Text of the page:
Behind the scenes of our DEI initiative 'Open Space To Talk'
Fatimah Malik, (pictured above) shares another post on her experience working at Circl as Future Leaders Intern. This month, she interviews Tech and Wellbeing Lead, Luxsiya Sivakumar, to talk about one of Circl’s DEI initiatives ‘Open Space To Talk’.
TW: talk of the effects of murder, racism, and discrimination
Hey everyone! Back with another blog for you all :)
Upon my first few weeks of settling in at Circl, I was able to experience Open Space To Talk: an honest, open, judgement-free space for the Circl team to discuss a topic of importance. It’s one of our DEI initiatives that centres around having very vulnerable conversations in a psychologically safe space to learn others’ perspectives as well as the ways we can contribute toward a fairer world, both individually and collectively.
My first Open Space To Talk experience was on May 19th: almost two years since the murder of George Floyd. The topic of discussion was racial injustice and discrimination that haunts and destroys the little semblance of peace that our world tries to cling onto. This discussion was sensitive, raw, and informative, and made me realise just how important it is to have these conversations with those around us.
To understand more, I had a chat with Luxsiya, our Tech and Wellbeing Lead (pictured below) but also the facilitator of these Open Space to Talk's:
How did Open Space To Talk come about?
Four months into my role at Circl, the world witnessed the murder of George Floyd and it shook people to the core. At the time, we were a small team of four: we were all processing what happened individually, yet we didn’t come together to discuss it as a group. Instead, business seemed to continue as usual at Circl. It appears that it is ingrained within society that anything personal or political should not be spoken about and kept separate from the professional environment. But when a situation has occurred that is so triggering to the point it consumes you, why shouldn’t you talk about it?
It was until someone mentioned his murder in a team meeting that our similar, overwhelming emotions of grief, anger, and frustration were unveiled. George Floyd’s murder was a wake-up call for us at Circl and made us reflect on what Circl stands for. Our message is to make the world a fairer and more inclusive place. But how could we do this if we felt we had to bottle these emotions instead of openly speaking to each other about them?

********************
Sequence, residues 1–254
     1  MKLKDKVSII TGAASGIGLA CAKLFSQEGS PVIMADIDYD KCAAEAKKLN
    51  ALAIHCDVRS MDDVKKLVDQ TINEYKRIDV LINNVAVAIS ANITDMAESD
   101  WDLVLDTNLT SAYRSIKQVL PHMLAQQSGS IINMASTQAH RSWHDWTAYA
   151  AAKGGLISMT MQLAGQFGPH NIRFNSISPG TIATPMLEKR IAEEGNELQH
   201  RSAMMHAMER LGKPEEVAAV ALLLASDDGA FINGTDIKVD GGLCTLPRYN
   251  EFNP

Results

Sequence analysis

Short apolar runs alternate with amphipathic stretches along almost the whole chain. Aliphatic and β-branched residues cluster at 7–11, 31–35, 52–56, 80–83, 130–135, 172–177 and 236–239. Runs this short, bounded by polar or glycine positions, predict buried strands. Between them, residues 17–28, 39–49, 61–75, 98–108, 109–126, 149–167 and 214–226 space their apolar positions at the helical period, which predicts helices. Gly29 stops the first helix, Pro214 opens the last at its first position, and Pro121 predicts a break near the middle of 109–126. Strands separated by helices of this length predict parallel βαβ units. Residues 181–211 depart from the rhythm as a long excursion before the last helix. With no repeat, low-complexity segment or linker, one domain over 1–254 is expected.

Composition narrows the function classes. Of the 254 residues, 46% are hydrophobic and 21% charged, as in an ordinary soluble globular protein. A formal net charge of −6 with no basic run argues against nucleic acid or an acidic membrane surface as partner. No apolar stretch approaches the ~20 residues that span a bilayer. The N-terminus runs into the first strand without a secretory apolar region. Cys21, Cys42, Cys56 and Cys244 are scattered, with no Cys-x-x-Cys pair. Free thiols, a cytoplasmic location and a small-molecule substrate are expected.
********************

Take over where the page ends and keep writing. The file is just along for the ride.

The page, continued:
That led to the birth of Open Space To Talk: a safe space to facilitate these difficult conversations that personally affect us and on important topics around the inequalities taking place in the world we live in. It was our way to channel the feelings of anger into action and strive towards creating positive change in the world.
Tell us a bit more about the nature of Open Space to Talk. What was the first session like? How did it evolve?
Initially, our CEO, Charlie was the facilitator of Open Space to Talk. Having a leader who leaned into his vulnerabilities and leading these discussions with empathy was significant in allowing others to do the same. Being able to have these kinds of conversations with your team is a key attribute of an inclusive leader, making us very proud that we are able to live and breathe our mission towards inclusive leadership. Eventually, as I moved into the wellbeing and DEI space, I took on the role of the facilitator and it is hands down, one of the favourite parts of my role.
Open Space takes place every month for 2 hours. In the first 5 minutes, we would reflect quietly, sharing things that were affecting us emotionally, politically and essentially, what our main sources of frustrations with Circl or the world were. We would then determine which of the topics shared we wanted to focus on and what would follow would be a free-flowing discussion.
People can show up to the space in whatever way they want: if you want to speak, or stay silent and listen, you can! We encourage the space to be non-judgemental, comfortable, and inviting as possible. Topics we’ve discussed in the past include mental health in the workplace, gender inequality, the Israeli-Palestine conflict, civil unrest in Sri Lanka and LGBTQ+ rights.
In this space, we also encourage everyone to ask the uncomfortable questions that they may hesitate in asking, from fear of judgement. We are all from different backgrounds and perspectives and so we have a lot to learn and understand from each other. Sometimes the conversation can become heated, but that is why it is so important to have contracting which happens right at the beginning of the session. By collectively establishing our contract, we create a safe space for all those involved and thus creating a psychological safety net for people to be vulnerable.
The discussions can be heavy so we have built-in decompressing and reflecting time after the session to allow everyone to process their emotions. Sometimes you will leave feeling angry, surprised, or even energised, but there is always the reminder that these conversations are significant to us all.